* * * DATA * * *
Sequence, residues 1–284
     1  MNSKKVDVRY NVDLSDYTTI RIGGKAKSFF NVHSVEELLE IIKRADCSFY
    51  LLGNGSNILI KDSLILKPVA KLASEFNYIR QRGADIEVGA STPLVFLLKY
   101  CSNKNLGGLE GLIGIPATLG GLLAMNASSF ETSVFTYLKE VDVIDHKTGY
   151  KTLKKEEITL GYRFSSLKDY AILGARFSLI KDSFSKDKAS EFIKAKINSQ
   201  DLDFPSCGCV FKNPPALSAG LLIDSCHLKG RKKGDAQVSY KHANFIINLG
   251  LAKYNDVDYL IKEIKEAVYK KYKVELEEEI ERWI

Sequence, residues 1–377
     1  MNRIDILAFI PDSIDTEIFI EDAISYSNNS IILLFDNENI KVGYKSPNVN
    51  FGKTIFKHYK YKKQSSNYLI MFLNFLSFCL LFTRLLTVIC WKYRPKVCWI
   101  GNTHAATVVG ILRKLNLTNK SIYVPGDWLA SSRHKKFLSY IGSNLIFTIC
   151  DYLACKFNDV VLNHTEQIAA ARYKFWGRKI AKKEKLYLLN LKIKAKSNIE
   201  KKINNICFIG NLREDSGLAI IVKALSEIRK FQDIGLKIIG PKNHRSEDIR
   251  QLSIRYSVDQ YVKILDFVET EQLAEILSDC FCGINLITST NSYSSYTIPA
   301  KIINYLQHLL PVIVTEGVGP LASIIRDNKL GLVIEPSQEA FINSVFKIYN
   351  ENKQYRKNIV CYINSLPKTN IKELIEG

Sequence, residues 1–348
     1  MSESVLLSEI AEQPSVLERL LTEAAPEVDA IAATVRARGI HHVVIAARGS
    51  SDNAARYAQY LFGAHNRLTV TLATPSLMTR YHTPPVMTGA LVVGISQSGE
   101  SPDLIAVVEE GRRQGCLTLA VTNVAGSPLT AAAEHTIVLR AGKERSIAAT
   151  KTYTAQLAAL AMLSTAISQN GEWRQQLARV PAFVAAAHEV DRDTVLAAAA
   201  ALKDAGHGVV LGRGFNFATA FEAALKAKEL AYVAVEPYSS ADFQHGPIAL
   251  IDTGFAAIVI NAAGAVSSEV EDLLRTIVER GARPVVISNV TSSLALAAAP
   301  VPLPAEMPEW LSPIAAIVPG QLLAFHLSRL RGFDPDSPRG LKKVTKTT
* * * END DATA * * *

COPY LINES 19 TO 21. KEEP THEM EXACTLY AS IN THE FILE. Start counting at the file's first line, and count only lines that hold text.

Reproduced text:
    51  SDNAARYAQY LFGAHNRLTV TLATPSLMTR YHTPPVMTGA LVVGISQSGE
   101  SPDLIAVVEE GRRQGCLTLA VTNVAGSPLT AAAEHTIVLR AGKERSIAAT
   151  KTYTAQLAAL AMLSTAISQN GEWRQQLARV PAFVAAAHEV DRDTVLAAAA